Kinetics and branching ratio studies of collisional processes at very low temperatures – CRESUSOL
Kinetics and branching ratio studies of collisional processes at very low temperatures
Understanding the mechanism of elementary reactions leading to the formation of molecules and clusters at very low temperatures for modelling gaseous environments encountered in the fields of atmospheric chemistry (of the Earth and other planets) and astrophysics.
Rate coefficient and branching ratio measurements of various reactions
The main scientific aim of this project is to monitor the reactants and products of reactions at substantially lower temperatures than has been attempted before (down to 20 K), to measure the rate coefficients of a selection of reactions, including dimerization, as well as their branching ratios at least for some of their potential channels.
A pulsed version of the CRESU technique will be implemented at SOLEIL in order to perform experimental measurements using a photoionisation/mass spectrometry method.
The 6 first months of this project allowed us to establish the specifications for the design of the experimental chamber, its frame and to look into details of the detection system. It turned out that the quadrupole mass spectrometer had to be replaced by a time of flight mass spectrometer.
The next months will be dedicated to finalize the design of the detection system in order to fully design the chamber to be implemented at SOLEIL. The building of the all system will be therefore undertaken.
Nothing at this date.
Understanding the mechanism of elementary reactions leading to the formation of molecules and clusters in various conditions, especially at very low temperatures (i.e. low collision energies), is of fundamental interest and yields crucial information for modelling gaseous environments encountered in the fields of atmospheric chemistry (of the Earth and other planets) and astrophysics.
The main scientific aim of this project is to monitor the reactants and products of reactions at substantially lower temperatures than has been attempted before (down to 15 K), to measure the rate coefficients of a selection of reactions, including dimerization, as well as their branching ratios at least for some of their potential channels. Knowledge of this information is of crucial importance for properly modelling gaseous environments.
A new, pulsed, version of the well established CRESU (Cinétique de Réaction en Ecoulement Supersonique Uniforme or Reaction Kinetics in Uniform Supersonic Flow) reactor will be associated with a mass spectrometer to probe reactants and products of reaction after threshold photoionisation by the VUV beamline of the synchrotron SOLEIL. This work will lead to the interaction of chemists and physicists expert in experimental and theoretical reaction kinetics and dynamics as well as in mass spectrometry and photoionisation techniques. The grant will allow our teams to (1) develop in Rennes a new transportable experimental chamber equipped with the new, and recently patented, pulsed CRESU system combined with a mass spectrometer, (2) implement this apparatus on the DESIRS beamline of the synchrotron SOLEIL to photoionize reactants and products of reaction and obtain branching ratios and kinetics information by mass spectrometry, (3) compare the experimental results to state-of-the-art calculations undertaken by the third partner of this project from Argonne National Laboratory (USA). The new pulsed CRESU apparatus coupled with a quadrupole mass-spectrometer will be built in Rennes and moved to the cw synchrotron source of SOLEIL in order to implement the photoionisation/mass spectrometry technique to detect and monitor reagents and products of a selection of reactions relevant to the chemistry of the interstellar medium, planetology and atmospheric chemistry, as well as to our understanding of chemical reactivity as a whole.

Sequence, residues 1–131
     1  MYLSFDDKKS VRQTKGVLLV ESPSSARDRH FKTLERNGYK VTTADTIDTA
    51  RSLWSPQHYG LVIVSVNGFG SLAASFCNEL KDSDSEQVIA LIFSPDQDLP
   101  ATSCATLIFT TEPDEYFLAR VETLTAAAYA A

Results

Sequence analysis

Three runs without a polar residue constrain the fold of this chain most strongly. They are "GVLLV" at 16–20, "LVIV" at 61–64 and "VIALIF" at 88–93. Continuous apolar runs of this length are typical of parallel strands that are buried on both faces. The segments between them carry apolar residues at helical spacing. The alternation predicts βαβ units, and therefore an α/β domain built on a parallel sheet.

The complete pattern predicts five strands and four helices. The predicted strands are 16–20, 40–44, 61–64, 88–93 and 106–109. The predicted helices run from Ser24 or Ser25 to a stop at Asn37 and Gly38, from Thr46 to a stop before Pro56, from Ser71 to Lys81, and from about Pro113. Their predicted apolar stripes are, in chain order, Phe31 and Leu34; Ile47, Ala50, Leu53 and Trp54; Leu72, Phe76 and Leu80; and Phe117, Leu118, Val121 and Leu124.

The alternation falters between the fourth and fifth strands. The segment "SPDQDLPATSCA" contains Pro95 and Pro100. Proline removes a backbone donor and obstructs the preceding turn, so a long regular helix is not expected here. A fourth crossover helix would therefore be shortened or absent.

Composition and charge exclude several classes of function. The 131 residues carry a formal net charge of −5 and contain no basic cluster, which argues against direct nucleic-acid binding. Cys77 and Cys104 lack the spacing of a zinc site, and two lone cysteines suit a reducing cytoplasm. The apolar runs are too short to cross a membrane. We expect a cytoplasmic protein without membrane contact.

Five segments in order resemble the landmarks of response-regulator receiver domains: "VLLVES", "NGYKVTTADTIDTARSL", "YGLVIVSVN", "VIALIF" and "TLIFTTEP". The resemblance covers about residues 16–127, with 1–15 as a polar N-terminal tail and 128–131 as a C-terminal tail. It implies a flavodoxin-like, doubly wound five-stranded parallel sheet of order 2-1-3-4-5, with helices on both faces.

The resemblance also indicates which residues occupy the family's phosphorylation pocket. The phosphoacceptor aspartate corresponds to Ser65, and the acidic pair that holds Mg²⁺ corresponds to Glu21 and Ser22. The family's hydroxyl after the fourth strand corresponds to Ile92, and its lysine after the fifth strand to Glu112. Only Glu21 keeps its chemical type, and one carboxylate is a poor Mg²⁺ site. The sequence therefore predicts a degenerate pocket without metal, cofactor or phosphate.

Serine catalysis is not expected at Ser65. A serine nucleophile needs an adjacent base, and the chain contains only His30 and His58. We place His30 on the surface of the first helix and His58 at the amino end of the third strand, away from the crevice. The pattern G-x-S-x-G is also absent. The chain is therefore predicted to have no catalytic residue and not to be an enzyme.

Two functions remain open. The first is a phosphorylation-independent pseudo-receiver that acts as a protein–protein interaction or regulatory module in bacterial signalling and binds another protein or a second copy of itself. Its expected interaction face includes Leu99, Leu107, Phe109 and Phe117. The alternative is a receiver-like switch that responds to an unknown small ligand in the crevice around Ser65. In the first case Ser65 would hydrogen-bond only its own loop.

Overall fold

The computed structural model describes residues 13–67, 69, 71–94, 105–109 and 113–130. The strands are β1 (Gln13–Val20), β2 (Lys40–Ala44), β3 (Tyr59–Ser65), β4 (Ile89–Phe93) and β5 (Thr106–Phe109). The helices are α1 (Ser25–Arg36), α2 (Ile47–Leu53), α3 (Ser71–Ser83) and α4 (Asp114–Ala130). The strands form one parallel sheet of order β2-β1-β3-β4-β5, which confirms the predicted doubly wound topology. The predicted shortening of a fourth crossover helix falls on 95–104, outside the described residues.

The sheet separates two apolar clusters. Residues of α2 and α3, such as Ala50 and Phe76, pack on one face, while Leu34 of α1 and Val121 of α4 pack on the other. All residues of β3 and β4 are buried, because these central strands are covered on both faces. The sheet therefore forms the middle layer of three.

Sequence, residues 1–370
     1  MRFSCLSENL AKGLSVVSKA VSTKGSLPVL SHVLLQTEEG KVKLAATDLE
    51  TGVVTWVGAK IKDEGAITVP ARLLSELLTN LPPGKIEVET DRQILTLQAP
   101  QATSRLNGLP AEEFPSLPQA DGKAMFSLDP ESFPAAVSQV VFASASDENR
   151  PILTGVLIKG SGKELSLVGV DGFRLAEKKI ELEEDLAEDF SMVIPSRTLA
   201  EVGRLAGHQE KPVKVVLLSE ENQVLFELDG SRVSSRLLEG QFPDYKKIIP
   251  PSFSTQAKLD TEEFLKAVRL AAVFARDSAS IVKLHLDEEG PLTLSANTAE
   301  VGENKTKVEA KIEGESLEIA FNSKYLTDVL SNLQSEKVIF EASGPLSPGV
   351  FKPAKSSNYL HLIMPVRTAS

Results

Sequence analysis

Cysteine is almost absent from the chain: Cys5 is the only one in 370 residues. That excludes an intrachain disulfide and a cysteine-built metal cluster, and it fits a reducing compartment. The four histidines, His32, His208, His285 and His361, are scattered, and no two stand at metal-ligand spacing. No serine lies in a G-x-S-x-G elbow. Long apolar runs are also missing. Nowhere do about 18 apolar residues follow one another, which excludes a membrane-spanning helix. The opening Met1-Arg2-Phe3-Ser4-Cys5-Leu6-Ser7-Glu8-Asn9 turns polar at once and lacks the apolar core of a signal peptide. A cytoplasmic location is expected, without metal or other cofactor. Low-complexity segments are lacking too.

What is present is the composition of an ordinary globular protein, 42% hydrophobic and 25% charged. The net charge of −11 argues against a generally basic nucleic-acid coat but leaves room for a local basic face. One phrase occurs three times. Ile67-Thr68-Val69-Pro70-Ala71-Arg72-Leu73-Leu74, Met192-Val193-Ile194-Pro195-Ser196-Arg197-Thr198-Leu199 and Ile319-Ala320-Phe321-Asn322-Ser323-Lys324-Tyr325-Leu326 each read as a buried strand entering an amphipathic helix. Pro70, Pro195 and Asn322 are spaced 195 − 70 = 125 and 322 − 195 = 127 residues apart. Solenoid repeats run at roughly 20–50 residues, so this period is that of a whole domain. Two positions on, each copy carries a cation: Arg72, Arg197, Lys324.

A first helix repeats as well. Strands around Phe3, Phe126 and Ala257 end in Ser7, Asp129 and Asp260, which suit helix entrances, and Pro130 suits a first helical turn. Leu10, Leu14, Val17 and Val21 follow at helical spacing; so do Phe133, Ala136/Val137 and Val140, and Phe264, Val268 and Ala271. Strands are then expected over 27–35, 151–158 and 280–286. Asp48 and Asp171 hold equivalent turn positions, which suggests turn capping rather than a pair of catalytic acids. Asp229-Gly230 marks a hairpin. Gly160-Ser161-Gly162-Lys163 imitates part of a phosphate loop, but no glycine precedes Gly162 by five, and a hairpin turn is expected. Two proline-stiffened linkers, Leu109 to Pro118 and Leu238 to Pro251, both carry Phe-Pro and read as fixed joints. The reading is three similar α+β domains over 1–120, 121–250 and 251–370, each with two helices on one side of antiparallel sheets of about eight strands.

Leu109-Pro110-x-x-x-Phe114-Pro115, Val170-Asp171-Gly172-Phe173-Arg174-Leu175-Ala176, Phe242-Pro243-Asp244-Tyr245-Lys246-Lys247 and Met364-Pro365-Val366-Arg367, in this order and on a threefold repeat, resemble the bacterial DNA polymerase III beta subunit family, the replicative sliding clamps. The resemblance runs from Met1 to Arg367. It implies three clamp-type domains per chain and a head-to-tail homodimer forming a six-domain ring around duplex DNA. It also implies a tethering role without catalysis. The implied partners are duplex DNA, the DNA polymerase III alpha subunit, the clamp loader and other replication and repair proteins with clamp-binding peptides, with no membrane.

1- CN + H2C=CH2 ? H2C=CHCN + H (1a)
H2C=CH + HCN (1b)
2- C2H + H2CCHHCCH2 ? + H (2a)
? + H (2b)
3- NH2 + NO ? N2H + OH (3a)
? N2 + H2O (3b)
? N2O + H2 (3c)
4- CH + CH4/CH3D ? C2H4/C2H3D + H (4a)
? C2H3 + H2/HD (4b)
5- C3H3 + C3H3 ? C6H6 (and different isomers) (5a)
? C6H5 + H (5b)
6 - C2H5 + C2H5 ? C4H10 (6a)
? C2H4 + C2H6 (6b)
7 - H2O + H2O ? (H2O)2 (7)
The presently proposed combination of careful state-of-the-art experimental and theoretical studies will yield a synergistically enhanced understanding of the specific reactions. It will also help advance our understanding of the success and limitations of the theoretical methods. From a fundamental point of view, under these low temperature/energy conditions any theoretical description becomes highly dependent on the quality of the potential energy surface (PES) that is used. For modelling cold environments such as interstellar clouds or cold planetary atmospheres, the expected results will be obtained at the relevant temperatures. The branching ratio indeed can be temperature dependent and so measurements at low temperature are critical for photochemical models of planetary atmospheres or interstellar clouds.
The breakthroughs that will be realised will be of benefit both to future studies targeted at systems relevant to cold environments as well as to our understanding of chemical reactivity and homogenous nucleation.
Monsieur Sébastien LE PICARD (CENTRE NATIONAL DE LA RECHERCHE SCIENTIFIQUE - DELEGATION REGIONALE BRETAGNE ET PAYS- DE-LA-LOIRE) – email@example.com
The author of this summary is the project coordinator, who is responsible for the content of this summary. The ANR declines any responsibility as for its contents.
IPR CENTRE NATIONAL DE LA RECHERCHE SCIENTIFIQUE - DELEGATION REGIONALE BRETAGNE ET PAYS- DE-LA-LOIRE
Synchrotron Soleil SYNCHROTRON SOLEIL
Help of the ANR 530,000 euros
Beginning and duration of the scientific project: December 2011 - 48 Months